By Ben Fractenberg and Dan Marrin
EAST VILLAGE — After attending the 9/11 10th anniversary memorial service Sunday morning, Bill Richardson was looking forward to getting back to his normal Sunday routine: an evening with the NFL.
"It's the American way," said Richardson, 57, who went to the World Trade Center site earlier in the day before traveling up to the East Village to watch the Giants game. "We don't want anything to stop."
Many New Yorkers spent the day just as they would any other Sunday, and they disputed the idea that doing so was somehow dishonoring the memory of 9/11.
Karolyn Silver spent the afternoon watching her son chasing pigeons around Washington Market Park in TriBeCa. Like many New Yorkers, Silver, 42, had wondered what was the “right way” to spend 9/11.
“I was talking to some other mothers yesterday about how we ought to spend the day, given that it was the 10th anniversary... When I woke up, I asked myself, ‘Is it okay to take my son to swim lessons?’”
SIlver’s husband worked at the World Trade Center on 9/11, and was emerging from the subway stop there when the towers fell.
“He came home covered in ash… I almost couldn’t tell if he was alive,” she said. They were living at 12th Street between Fifth and Sixth avenues at the time, and Silver recalled her streets being filled with smoke, to the point that people walked through the streets in gas masks.
“To me, I don’t see the big deal about this being 10 years, versus 9, 8 or 7 years. I remember it almost every day… Moving forward is what it’s about now,” Silver said.
TriBeCa fashion designer Chelsea Scott, 29, who was taking her dog for a walk down Greenwich Street Sunday afternoon before heading to some fashion shows, said she had no hesitation about sticking to her usual Sunday schedule.
“Besides taking a moment of silence to remember and maybe change your perspective on life, why shouldn’t we live as we normally would?” Scott asked.
Nick Roberts, 24, said he was going to take his girlfriend Kaitlyn Baker, 21, to the Met for the first time. They had gone to the free 9/11 memorial concert at Lincoln Center the night before. “I guess you could say we’re honoring through the arts,” Roberts said.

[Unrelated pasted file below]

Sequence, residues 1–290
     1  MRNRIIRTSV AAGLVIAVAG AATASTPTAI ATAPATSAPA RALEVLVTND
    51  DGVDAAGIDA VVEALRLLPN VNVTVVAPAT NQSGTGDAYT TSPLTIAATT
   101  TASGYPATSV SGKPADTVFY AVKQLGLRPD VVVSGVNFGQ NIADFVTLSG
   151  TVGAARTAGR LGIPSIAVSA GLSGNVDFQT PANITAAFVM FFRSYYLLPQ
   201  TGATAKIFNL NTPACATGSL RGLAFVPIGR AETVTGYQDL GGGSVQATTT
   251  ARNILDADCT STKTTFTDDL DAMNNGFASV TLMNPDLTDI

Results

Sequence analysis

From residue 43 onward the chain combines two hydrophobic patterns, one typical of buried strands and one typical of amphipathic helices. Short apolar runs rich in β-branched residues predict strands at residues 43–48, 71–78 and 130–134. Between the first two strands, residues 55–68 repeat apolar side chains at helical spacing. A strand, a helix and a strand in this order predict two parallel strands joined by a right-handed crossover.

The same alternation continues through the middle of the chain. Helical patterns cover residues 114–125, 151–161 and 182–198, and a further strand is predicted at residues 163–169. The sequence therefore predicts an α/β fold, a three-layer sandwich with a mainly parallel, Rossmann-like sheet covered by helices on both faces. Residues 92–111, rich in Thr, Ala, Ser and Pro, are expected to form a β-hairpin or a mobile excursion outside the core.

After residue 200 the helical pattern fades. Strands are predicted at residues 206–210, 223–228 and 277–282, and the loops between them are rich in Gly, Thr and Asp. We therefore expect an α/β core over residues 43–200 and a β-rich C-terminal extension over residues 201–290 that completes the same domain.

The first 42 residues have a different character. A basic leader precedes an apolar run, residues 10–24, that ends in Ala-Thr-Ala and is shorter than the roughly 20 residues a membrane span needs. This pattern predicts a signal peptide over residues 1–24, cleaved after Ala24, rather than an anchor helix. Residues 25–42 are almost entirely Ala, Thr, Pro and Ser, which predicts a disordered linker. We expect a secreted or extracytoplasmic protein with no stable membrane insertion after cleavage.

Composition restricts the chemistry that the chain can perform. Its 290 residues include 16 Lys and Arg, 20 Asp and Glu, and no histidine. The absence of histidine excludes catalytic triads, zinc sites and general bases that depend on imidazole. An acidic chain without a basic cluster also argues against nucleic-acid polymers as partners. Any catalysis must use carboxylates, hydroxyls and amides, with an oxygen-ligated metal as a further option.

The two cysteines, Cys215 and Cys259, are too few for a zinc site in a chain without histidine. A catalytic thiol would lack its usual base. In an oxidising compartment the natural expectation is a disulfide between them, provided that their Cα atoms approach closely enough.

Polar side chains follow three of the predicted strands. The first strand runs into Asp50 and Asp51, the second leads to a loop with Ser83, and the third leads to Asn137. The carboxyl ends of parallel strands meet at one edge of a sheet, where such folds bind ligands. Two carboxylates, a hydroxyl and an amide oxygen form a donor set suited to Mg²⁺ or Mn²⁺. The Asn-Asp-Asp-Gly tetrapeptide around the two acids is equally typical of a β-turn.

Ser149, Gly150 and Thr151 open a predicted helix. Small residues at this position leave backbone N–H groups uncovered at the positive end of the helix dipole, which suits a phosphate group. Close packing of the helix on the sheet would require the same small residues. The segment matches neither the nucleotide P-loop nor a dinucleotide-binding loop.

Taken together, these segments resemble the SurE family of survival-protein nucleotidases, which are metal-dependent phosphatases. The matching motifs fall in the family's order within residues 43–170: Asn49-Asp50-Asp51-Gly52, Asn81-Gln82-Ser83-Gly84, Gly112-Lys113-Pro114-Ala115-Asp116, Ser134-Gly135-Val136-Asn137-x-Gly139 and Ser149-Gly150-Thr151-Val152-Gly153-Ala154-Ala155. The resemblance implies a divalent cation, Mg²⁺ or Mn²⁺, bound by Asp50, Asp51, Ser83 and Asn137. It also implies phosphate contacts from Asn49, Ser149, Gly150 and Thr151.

Ron and Julie Flowers of Darlington, South Carolina were also enjoying the city arts scene. They’d come to NYC to see the Derek Trucks Band performance on Saturday at the Beacon theater, and were on their way to Broadway's "Spider-Man: Turn Off the Dark" musical Sunday.
Ron, 61, had been surprised to find that many New Yorkers had left Midtown for the weekend to get away from the 9/11 events.
“These days, it seems 9/11 is more of an annoyance than anything else,” Ron said.
A different spirit was on display at Engine 54/Ladder 4/Battallion 9, a prominent Midtown firehouse at 48th Street and Eighth Avenue that lost its entire day shift and some night shift crew had died at the towers on 9/11.
The firehouse unveiled a memorial wall at the station Sunday, as firefighters from all over the country and the world stopped in to shake hands and pay their respects there to New York’s Bravest.
“This is one of the busiest locations in the city, people coming in and out of here every day…We get a lot of attention because of our location, but every firehouse I’ve ever worked at from Brooklyn to Queens and the Lower East Side – they all lost people that day," said Battallion Chief Mike Meyers, 42, who has been running the house since 2003.
“As in any institution, there are those people who go before you who you look up to. The men who died on 9/11 set the bar for us. We’re just trying to live up to their example.”
One firefighter visiting the station from Engine 96 in the South Bronx, who preferred to not be named, said, “For us, we really don’t need to the anniversary to remember 9/11… We remember what happened every day we go to work. We never forget.”